So I have a single question to you (plural). Are you interested in re-learning what christianity is about? Or at least learning what I and many other christians believe it is all about?

    Thanks for the opportunity to respond.

    • I would say I never stopped learning, I am still learning about Christianity and the bible. I will always continue to value truth and the search for it and learning about it.

      I would say I am no longer limiting my curriculum of Christianity to only theological matters, but to also historical and literature.

  4. unkleE-

    You’re seriously ok with the fact that about 5 billion of the people now living are destined for Everlasting Hell because God has failed to clearly communicate? Even assuming that you’re right (1/2 have read the Bible and rejected it) that still leaves 2.5 Billion people that will go to their graves without a proper chance to decide their Eternal destiny. You are really ok with those numbers?

    If God is all powerful, than why can’t he get his message to all people everywhere?

  5. unkleE says:

    G’day QA, thanks for the questions.

    “You’re seriously ok with the fact that about 5 billion of the people now living are destined for Everlasting Hell because God has failed to clearly communicate? “

    No, I am not seriously OK with that. I think if I thought that, I would disbelieve. But fortunately, that is not a true statement, I believe. By that, I mean that US evangelical christianity may teach what you have said, but I don’t believe the Bible teaches it.

    1. The main Biblical teaching on hell comes from Jesus, and he taught a finite end or forfeiting of life rather than everlasting torment. For the Biblical justification of this statement, see Hell – what does the Bible say?. So God gives everyone the amazing gift of this life (which many atheists say is all they want), and the opportunity to transfer to eternal life (= life in the age to come), and I’m seriously OK with that.

    2. The Bible doesn’t say that the non-christian billions will be automatically condemned. Jesus said the only way to God was through him, but he didn’t say that only christians would receive the gift of eternal life. For a start, the faithful Old Testament Jews are surely recipients of God’s grace even though they had never heard of Jesus, and the Bible hints in a number of places that God will judge the non-believers compassionately and according to what light they have been given. For more on this, see Can only christians be saved?.

    Billy Graham once said this:

    “He’s calling people out of the world for His name, whether they come from the Muslim world, or the Buddhist world, or the Christian world or the non-believing world, they are members of the Body of Christ because they’ve been called by God. They may not even know the name of Jesus but they know in their hearts that they need something that they don’t have, and they turn to the only light that they have, and I think that they are saved, and that they’re going to be with us in heaven.”

    “If God is all powerful, than why can’t he get his message to all people everywhere?”

    I think he does. I just don’t think we know exactly what people need to hear and what he communicates. If the above teaching is right, everyone gets some message from him via their conscience, and that is enough.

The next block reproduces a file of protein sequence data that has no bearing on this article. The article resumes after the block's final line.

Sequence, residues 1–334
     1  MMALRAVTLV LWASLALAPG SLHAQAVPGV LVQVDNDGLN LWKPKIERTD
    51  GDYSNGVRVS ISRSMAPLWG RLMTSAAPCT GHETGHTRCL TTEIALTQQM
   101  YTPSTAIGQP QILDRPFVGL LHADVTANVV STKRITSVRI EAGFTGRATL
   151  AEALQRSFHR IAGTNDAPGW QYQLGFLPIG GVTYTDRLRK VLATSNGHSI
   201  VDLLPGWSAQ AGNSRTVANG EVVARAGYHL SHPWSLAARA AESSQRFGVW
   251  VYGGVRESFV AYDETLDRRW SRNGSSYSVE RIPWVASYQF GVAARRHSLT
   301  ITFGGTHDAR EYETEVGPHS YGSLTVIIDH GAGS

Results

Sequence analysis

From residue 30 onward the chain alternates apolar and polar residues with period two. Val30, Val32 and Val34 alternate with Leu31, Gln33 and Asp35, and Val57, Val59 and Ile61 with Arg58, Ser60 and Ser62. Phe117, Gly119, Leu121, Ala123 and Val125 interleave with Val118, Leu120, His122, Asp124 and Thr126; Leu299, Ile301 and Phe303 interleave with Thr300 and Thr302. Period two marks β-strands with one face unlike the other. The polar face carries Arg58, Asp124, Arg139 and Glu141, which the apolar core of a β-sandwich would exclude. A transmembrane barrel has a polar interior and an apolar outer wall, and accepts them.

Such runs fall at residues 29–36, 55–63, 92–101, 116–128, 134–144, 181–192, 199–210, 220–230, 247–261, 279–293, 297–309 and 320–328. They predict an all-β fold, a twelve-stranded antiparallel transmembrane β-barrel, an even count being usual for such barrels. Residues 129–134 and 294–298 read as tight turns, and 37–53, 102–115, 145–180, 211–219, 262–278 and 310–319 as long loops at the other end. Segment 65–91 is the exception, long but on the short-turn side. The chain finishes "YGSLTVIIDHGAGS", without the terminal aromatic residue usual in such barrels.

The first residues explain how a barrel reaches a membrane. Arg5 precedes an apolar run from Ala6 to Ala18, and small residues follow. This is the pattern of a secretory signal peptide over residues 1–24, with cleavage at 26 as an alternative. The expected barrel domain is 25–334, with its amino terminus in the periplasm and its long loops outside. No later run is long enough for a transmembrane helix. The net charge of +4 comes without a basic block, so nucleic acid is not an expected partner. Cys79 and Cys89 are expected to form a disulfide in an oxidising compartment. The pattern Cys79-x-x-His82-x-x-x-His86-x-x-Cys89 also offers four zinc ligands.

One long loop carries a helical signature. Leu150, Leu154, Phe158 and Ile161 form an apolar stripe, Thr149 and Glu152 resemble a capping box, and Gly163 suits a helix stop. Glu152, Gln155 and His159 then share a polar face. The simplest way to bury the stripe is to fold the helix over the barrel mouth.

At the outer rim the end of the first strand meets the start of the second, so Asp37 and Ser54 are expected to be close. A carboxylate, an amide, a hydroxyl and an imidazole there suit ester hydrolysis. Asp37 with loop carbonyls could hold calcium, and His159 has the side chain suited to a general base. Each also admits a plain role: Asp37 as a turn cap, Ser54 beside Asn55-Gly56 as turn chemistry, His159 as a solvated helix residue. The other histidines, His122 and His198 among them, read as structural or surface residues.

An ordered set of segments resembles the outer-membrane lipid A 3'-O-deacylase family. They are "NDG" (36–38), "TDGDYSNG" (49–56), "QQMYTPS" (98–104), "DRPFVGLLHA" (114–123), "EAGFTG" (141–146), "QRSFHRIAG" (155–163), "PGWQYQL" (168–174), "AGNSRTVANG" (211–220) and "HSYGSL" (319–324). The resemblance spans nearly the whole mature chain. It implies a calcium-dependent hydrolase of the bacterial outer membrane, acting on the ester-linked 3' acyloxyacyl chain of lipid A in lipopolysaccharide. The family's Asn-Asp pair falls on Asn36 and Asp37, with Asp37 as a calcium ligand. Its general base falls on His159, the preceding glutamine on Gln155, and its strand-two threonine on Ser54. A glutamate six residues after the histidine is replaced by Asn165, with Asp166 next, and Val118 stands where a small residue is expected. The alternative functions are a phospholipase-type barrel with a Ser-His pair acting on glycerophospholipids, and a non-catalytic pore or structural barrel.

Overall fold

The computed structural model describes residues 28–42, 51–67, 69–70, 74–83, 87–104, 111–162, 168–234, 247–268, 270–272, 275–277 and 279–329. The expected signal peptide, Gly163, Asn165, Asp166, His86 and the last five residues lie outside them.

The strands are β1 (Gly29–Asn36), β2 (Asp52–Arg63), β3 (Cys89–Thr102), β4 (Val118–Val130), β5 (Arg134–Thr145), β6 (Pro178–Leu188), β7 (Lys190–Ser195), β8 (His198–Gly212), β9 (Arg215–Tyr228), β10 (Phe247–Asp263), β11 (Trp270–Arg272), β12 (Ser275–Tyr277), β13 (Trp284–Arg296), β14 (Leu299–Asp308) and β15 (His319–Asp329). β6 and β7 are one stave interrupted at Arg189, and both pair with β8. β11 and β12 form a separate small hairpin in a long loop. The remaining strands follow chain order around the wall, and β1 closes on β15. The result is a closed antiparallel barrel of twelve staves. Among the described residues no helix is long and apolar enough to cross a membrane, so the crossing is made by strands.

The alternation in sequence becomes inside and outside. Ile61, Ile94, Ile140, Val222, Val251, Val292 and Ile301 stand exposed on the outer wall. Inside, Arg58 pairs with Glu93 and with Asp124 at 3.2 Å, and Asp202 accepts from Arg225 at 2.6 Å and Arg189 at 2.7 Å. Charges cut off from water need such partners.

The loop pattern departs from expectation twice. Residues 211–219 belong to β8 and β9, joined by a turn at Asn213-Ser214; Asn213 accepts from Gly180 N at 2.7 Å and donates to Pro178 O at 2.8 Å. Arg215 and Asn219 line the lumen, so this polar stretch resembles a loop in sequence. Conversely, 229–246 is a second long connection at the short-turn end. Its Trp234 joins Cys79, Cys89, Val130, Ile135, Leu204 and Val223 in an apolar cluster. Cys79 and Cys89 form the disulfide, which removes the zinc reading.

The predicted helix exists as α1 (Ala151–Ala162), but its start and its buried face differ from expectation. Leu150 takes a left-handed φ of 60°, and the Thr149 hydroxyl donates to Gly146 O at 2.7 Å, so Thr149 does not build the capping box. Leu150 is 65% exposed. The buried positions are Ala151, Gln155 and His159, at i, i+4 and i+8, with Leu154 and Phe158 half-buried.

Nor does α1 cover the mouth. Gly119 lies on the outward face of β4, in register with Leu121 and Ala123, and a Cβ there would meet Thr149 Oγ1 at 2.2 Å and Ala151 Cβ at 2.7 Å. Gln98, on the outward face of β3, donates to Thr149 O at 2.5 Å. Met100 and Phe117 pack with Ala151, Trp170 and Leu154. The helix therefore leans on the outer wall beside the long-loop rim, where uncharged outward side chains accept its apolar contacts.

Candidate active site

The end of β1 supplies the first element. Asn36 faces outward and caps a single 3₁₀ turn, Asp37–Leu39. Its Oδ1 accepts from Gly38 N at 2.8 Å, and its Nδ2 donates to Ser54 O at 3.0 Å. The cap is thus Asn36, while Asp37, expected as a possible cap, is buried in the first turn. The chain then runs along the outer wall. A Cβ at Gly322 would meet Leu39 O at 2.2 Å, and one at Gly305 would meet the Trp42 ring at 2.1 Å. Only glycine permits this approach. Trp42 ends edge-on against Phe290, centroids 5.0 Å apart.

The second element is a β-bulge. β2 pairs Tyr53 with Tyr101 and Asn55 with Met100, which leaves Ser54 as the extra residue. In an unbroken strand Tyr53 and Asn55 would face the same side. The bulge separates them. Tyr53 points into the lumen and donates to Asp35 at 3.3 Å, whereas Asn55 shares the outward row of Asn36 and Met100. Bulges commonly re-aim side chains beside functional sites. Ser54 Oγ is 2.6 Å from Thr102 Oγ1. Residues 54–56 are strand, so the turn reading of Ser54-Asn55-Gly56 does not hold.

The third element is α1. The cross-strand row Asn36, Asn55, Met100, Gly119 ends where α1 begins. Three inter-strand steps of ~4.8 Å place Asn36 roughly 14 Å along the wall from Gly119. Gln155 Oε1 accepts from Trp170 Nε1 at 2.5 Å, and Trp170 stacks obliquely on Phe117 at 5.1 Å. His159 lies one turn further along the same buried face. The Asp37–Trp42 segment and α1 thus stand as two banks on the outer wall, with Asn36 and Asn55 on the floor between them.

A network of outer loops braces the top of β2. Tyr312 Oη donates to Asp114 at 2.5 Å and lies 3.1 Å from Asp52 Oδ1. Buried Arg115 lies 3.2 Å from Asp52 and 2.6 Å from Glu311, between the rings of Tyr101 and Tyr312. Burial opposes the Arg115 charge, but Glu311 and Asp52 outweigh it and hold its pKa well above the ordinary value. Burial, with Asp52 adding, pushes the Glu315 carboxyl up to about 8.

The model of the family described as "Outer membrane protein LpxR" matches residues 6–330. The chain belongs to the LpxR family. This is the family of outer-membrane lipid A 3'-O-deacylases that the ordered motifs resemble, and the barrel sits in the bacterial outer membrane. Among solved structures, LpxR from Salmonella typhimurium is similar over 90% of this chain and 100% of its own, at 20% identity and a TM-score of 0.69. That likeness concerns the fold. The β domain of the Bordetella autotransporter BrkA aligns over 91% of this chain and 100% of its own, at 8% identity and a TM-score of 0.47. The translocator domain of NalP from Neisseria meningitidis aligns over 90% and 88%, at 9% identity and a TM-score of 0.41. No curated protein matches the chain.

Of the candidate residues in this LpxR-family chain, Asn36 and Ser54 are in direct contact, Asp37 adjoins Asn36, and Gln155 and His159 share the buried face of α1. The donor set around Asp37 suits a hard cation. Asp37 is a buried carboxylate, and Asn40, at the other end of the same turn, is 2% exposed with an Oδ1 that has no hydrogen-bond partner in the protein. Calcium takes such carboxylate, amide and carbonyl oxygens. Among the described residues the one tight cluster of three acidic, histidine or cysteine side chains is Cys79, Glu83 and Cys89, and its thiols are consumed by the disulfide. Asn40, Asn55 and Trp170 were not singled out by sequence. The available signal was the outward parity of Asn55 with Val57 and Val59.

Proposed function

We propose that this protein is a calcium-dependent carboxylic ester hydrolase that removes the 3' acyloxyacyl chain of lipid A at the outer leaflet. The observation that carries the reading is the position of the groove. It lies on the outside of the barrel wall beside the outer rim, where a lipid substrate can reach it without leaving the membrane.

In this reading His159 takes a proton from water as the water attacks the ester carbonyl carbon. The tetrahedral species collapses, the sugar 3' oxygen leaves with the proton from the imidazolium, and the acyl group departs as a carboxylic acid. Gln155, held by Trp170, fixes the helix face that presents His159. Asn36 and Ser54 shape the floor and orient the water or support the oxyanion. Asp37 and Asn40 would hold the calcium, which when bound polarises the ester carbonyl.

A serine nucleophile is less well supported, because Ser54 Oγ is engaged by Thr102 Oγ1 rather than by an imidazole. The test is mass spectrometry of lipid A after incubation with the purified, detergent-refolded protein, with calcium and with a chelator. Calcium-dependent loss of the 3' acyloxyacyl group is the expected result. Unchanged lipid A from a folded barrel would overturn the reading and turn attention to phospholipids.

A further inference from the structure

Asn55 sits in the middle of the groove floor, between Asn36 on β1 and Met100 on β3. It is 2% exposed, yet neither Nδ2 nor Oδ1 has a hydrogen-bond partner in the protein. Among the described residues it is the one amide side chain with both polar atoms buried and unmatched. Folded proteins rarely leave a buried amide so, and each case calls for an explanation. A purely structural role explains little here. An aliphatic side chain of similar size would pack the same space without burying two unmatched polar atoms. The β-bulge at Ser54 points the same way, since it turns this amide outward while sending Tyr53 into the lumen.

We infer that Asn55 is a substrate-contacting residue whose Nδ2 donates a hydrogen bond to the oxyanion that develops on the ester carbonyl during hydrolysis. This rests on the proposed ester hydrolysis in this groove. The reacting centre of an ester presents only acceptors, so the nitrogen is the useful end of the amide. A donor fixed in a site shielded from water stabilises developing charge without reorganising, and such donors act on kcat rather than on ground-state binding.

I understand where you are coming from, but I really believe that US evangelical christianity is way out of touch on some of these matters. I suggest we need to go back to the Bible, and especially to Jesus, and look with new eyes. That is what I have tried to do, and it has been a revelation. And I am finding confirmation all the time that God is showing the same things to many others as well.

    I would love to discuss these matters more with you. Would you like to swap a few emails? Get me on Best wishes.

  6. The issue of hell and salvation is always a serious and sensitive matter

  7. exrelayman says:

    First time commenting here. Don’t recall how I got here, probably via D’Ma or Zoe who I see have commented previously. I am atheistic in belief and agnostic in knowledge.

    Wishing you well in all your endeavors.

    I have written up 2 brief summaries critiquing Christianity that I think could be of value to you or anyone wishing to clarify their thinking as to why belief in Christianity is not logically tenable. I am willing to email them to you or to post them as replies here, though out of courtesy to you I refrain from the latter unless invited to do so, as they are rather long to be blog post responses. I do not have a blog so these seem to be my only options in getting this to you. Any interest (no is an OK answer)?

    If email is desired, provide in the form xxx at yyy dot net as a defense against spam bots.

    • hello exrelayman

      I actually really like that idea, I would not mind reading your brief summaries. I myself am also in the process of writing up my own brief for my wife, my pastor and one of the elders at the church. I intially was just going to do an overview on all the general things that make it hard to believe in a christian god, but after my talks with them. I realized I will actually need to break it down into shortened sections that hit the major points with emphasis and clarity on what I thought no longer contribution to my christianity and led to my decision that I could no longer wake up.

      (And I’ve actually completed and sent the first two by e-mail, the one on prayer will go out probably tomorrow or Monday)

      1. Internal Bible Contradictions
      2. Historical Inconsistenicis
      3. The problem and indoctrination of prayer
      4. Attributes of God and is the concept of the Christian god illogical?
      5. Moral Absurdities
      7. Am I better off? Could I be better off not believing? and final thoughts.

      But go ahead and send me your articles, I would be happy to read them……mrodri26 at mail dot usf dot edu